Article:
Last September, after the biggest rally under President Benigno Aquino 3rd—the August 27 anti-pork barrel demonstration at Rizal Park—a three-part article in this space argued that he will serve out his term despite rising unrest.
Having gone through the turbulent years of the Arroyo administration, this writer believed that if the past government could weather far greater political, economic and social challenges, the present one, helped by high growth, hefty revenues and still good approval ratings, stood an even better chance of lasting its full six years.
Still, the article hedged, never say never. Could President Aquino see a rapid downward spiral in public and political support? Yes, if there are more monumental debacles. Especially if those support-sapping events cause hardship for major sectors and regions, and torpedo confidence and support among powerful and influential entities like the political and business elites, the Catholic Church, the military, mainstream media, and leading foreign allies.
Ratings plunge – even before DAP ruling
The latest Social Weather Stations and Pulse Asia surveys, conducted less than a month ago, reported Aquino’s lowest ratings in his four-year-old presidency.
Polled June 27-30, Aquino’s net satisfaction rating plunged to +25 percent, down by nearly half from +45 percent in March. Those satisfied dropped 11 points to 55 percent, while the dissatisfied group surged nine points to 30 percent. And that was before the July 1 Supreme Court decision voiding the Disbursement Acceleration Program.
In all regions and income strata, satisfaction is down and dissatisfaction up since December. In Metro Manila, whose views influence the rest of the nation, net satisfaction seesawed: +22 percent in December, +33 in March, and just +6 in June. And for the most affluent and informed ABC class, net satisfaction of +32 is less than half December’s +68. For D, the biggest social stratum, net satisfaction also halved to +22 percent, from +45 in December and March.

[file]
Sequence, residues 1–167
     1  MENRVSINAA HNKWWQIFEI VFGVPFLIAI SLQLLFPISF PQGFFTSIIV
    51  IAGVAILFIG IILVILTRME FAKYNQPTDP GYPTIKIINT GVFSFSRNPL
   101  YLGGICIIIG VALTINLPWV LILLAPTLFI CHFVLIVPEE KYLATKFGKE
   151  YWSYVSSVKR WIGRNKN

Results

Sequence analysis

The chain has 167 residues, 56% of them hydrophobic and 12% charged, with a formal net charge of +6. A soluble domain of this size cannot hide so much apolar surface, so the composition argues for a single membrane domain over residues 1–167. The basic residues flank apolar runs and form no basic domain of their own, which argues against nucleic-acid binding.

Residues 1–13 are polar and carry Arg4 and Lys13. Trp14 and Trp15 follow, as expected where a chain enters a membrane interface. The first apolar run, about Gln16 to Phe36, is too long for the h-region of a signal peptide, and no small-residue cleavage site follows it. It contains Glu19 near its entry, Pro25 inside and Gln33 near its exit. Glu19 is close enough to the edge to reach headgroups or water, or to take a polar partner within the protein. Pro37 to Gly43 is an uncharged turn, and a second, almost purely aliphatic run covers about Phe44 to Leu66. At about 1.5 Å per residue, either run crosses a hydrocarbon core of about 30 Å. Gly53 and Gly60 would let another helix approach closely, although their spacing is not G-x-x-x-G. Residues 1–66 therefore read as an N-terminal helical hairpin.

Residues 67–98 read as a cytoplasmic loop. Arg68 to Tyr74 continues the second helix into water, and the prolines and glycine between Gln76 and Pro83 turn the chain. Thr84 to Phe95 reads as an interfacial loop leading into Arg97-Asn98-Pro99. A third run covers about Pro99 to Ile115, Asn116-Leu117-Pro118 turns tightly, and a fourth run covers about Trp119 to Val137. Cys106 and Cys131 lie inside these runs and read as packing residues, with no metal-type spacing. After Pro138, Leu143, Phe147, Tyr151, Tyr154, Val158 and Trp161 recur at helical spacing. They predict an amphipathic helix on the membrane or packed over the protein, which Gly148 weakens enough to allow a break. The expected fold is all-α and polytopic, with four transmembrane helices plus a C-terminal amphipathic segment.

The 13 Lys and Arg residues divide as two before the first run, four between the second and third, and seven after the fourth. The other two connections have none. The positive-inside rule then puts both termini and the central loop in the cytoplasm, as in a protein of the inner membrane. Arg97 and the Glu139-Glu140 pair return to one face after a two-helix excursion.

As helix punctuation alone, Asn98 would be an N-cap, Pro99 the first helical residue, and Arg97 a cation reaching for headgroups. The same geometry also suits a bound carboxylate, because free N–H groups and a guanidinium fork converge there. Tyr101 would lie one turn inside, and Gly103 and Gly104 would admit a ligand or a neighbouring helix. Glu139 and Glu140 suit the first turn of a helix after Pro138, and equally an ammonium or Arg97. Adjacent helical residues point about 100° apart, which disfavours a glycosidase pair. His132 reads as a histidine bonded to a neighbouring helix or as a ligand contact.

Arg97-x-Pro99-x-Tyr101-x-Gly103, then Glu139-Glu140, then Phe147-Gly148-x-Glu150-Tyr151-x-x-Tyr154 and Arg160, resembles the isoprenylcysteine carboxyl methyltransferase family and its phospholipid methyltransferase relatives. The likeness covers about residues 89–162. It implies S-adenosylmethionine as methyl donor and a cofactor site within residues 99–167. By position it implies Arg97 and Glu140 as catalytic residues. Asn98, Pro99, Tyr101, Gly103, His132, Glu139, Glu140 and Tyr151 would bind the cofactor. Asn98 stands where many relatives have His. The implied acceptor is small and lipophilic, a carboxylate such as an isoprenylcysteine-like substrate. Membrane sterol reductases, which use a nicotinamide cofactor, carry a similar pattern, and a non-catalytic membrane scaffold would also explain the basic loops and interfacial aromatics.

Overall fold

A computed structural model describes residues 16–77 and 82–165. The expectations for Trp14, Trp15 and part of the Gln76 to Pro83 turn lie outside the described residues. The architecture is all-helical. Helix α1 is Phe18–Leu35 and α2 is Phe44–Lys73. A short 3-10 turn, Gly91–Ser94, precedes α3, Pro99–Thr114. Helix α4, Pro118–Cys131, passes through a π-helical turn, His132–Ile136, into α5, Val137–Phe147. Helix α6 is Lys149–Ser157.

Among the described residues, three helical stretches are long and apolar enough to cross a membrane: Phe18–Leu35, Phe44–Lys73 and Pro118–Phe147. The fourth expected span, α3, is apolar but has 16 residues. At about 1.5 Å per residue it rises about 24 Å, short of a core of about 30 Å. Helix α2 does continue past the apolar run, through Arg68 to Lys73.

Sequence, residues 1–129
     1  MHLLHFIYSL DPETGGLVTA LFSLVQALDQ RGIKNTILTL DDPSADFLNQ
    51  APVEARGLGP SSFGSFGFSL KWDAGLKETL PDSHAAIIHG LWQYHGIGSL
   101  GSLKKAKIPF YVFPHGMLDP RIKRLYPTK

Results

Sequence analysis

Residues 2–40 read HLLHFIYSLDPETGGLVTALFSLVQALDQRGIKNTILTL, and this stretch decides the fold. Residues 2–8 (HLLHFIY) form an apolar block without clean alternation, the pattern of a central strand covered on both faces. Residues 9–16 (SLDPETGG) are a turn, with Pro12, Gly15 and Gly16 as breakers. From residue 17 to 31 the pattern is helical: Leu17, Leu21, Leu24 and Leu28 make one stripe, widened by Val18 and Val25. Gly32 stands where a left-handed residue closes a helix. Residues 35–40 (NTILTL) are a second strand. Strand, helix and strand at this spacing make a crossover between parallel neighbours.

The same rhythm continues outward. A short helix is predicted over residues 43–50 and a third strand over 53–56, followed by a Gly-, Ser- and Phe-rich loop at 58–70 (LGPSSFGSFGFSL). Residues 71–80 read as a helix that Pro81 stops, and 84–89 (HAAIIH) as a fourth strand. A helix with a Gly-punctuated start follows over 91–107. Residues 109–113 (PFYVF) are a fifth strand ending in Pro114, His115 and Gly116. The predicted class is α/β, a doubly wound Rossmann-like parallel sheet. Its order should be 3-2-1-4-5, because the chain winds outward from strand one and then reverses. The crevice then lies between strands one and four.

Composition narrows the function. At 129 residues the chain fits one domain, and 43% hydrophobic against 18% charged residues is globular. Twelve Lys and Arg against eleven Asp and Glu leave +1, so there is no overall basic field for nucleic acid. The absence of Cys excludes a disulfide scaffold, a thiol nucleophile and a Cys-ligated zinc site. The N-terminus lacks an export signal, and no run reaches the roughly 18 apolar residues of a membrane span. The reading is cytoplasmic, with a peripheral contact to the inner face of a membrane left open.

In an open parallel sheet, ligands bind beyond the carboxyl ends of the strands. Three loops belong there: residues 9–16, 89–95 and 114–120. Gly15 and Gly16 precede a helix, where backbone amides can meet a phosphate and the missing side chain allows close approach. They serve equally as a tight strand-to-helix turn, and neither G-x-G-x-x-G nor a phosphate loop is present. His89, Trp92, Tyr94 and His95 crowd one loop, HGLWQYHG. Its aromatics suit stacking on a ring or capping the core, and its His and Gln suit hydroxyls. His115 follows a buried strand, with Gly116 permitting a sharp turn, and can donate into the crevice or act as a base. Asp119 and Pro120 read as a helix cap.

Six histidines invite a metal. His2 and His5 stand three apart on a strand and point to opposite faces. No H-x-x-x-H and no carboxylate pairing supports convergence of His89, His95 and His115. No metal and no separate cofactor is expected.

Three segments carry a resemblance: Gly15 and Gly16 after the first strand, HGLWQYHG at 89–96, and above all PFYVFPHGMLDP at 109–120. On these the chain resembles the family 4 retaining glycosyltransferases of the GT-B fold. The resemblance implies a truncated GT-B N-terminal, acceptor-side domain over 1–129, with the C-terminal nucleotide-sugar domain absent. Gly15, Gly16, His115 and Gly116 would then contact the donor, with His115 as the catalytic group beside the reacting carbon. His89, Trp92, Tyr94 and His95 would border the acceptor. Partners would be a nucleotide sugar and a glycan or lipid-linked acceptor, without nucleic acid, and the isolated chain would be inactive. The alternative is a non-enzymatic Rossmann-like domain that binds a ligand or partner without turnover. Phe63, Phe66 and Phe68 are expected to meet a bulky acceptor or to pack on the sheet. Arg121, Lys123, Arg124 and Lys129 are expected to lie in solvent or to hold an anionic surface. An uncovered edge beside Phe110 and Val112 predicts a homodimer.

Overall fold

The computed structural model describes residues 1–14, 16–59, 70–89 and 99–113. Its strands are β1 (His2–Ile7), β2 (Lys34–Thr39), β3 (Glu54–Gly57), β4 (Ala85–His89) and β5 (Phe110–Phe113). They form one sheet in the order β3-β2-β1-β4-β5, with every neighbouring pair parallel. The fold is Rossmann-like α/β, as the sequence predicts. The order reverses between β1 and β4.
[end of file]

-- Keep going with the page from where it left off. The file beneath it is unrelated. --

For those who track chart trends, the net satisfaction graph line has broken through the apparent support level of +40 percent, from which it bounced back after past declines. That may augur further falls as public sentiment seeks another support level.
Covering June 24-July 2, Pulse Asia’s Ulat ng Bayan poll saw those expressing approval in Aquino’s performance down by one-fifth to 56 percent, from 70 in March, while disapproval nearly doubled to 14 percent. Trust fell even more, from 69 percent in the first quarter survey to 53 percent in the latest. Now, nearly half the nation distrust or doubt Aquino. And that is before the full impact of the DAP ruling, as noted by Pulse Asia research director Ana Maria Tabunda.
Looking at approval ratings on key issues, the two main drags on Aquino’s approval ratings are corruption and prices and jobs. In Pulse Asia’s accompanying survey on national government performance, there were substantial increases in disapproval for the administration’s efforts in fighting graft and in the economic issues of inflation, job creation, worker’s income, and poverty alleviation.
In sum, more Filipinos have misgivings about reducing poverty and corruption —the most important issues for Filipinos, and the two pledges in Aquino’s election slogan.
More economic troubles ahead